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Without him, the Reeperbahn would be less sloping

Corny Littmann rarely looks back.

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Without him, the Reeperbahn would be less sloping

Corny Littmann rarely looks back. The Hamburg theater director, actor and activist doesn't want to make an exception for his 70th birthday on November 21st. "I don't look back at all. This is something that has always been foreign to me. And it's still foreign to me today. I'm just looking ahead," says Littmann from his regular seat in the house bar of his Schmidt Theater on Hamburg's Reeperbahn.

The native of Münster can look back on an eventful career: from the beginnings in the theater group "Brühwarm" to the uncrowned "King of the Kiez" with a small theater empire.

"Looked at from a distance, yes, we've achieved a lot," he admits modestly. At the age of 15, Littmann came to Hamburg, where he did his Abitur and wanted to study psychology during his wild student days. There he discovered his love for the theatre. With the theater group Brühwarm, he is a homosexual himself and has been in a relationship with his longtime friend since 2006. He campaigns for the gay movement. In 1982, Littmann founded the touring theater “Family Schmidt” together with the cabaret artist Gunter Schmidt – “German, upright, homosexual” is the name of one of their programs.

When the "Kaiserhof" on Hamburg's Reeperbahn was empty in 1988, Littmann grabbed it and opened it on August 8th. at 8.00 a.m. the Schmidt Theater. The "Midnight Show" with cabaret numbers and amateur performances is particularly popular - in addition to "Herrn Schmidt" (Corny Littmann), the Schmidt family also includes Lilo Wanders (Ernie Reinhardt) and Marlene Jaschke (Jutta Wübbe).

When the Norddeutsche Rundfunk (NDR) broadcast the show on television in the early 1990s, the theater also became known nationwide. Littmann often caused a stir: The West German Broadcasting Corporation (WDR) faded out when Littmann held up a poster for the German Aids Aid organization showing two men having oral sex.

After the coup with the Schmidt Theater, another unique opportunity presented itself in 1990: the neighboring “Zillertal” was looking for a new tenant. Littmann and his business partner Norbert Aust strike again - and with "Schmidts Tivoli" create a second stage that attracts a wide audience with offbeat ideas and flashy shows.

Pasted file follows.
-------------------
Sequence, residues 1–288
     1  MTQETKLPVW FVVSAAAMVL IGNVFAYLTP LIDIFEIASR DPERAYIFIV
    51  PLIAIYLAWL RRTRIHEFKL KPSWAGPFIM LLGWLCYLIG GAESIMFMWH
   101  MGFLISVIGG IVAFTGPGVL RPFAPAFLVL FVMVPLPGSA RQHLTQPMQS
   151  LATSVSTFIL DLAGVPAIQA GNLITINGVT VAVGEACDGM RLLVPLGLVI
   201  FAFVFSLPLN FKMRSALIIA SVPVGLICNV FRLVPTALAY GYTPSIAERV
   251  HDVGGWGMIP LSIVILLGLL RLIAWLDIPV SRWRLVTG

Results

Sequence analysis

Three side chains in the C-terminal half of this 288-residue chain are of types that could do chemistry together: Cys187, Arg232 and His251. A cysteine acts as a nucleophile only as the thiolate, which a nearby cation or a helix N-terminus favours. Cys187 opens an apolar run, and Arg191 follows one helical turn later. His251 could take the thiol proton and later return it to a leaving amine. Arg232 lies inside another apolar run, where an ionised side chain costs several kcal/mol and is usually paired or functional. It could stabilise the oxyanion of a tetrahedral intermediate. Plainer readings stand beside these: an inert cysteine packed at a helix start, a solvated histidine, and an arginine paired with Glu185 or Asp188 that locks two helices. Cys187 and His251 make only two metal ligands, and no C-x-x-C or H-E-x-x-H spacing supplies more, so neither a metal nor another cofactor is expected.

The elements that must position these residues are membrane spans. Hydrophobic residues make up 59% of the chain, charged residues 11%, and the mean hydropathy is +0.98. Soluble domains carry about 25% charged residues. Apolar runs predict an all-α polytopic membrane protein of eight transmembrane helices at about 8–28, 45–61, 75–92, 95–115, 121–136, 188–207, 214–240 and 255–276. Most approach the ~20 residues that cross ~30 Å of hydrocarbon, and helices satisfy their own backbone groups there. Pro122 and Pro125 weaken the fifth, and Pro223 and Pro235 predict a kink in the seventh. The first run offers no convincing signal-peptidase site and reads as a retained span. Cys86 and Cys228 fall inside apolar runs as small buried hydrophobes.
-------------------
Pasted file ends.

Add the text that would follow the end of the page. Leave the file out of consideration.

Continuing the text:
Littmann stages musicals such as "Cabaret", hit revues such as "Fifty Fifty" and the evergreen "Heiße Ecke". In "The Kings Give After!", the sequel to the hit comedy "The Kings of the Kiez", he is occasionally on stage as a drunk father.

The three theaters - in 2015 the "Schmidtchen" was added - survived the Corona crisis well. "In the meantime, we've almost got the number of viewers that we had in our best year, 2019," says Littmann. For him, two reasons are crucial: "Especially in times of crisis, there is a longing for good entertainment. And people know when they come to us: They'll be well entertained here." The Tivoli was also the first German theater to reopen as soon as it was allowed - that "brought a lot of sympathy from the theater makers".

But only theater is not enough for the busy person. He campaigned for the rights of homosexuals early on - and also wanted to implement them for the Greens in the 1980 federal election campaign. In the same year, he made national headlines as an activist when he smashed a mirror in a public toilet in front of journalists to prove secret video surveillance by the police.

In his opinion, a lot has been achieved for homosexuals in the meantime, but he also warns: "As much as the situation in the big cities has changed positively in the last 20 years, the situation in the eastern German states is just as frightening."

His second passion besides theater is still football. As president of FC St. Pauli (2003-2010), Littmann managed to save the cult club from bankruptcy. When it is most beautiful - after promotion to the Bundesliga - Littmann stops. "We had achieved everything we wanted, nothing more was possible."

The entertainer wants to celebrate his birthday with 20 friends in Brazil – he now spends six months a year there. "I would like to have a wonderful, incomparable party with friends. And I think the conditions are good.”

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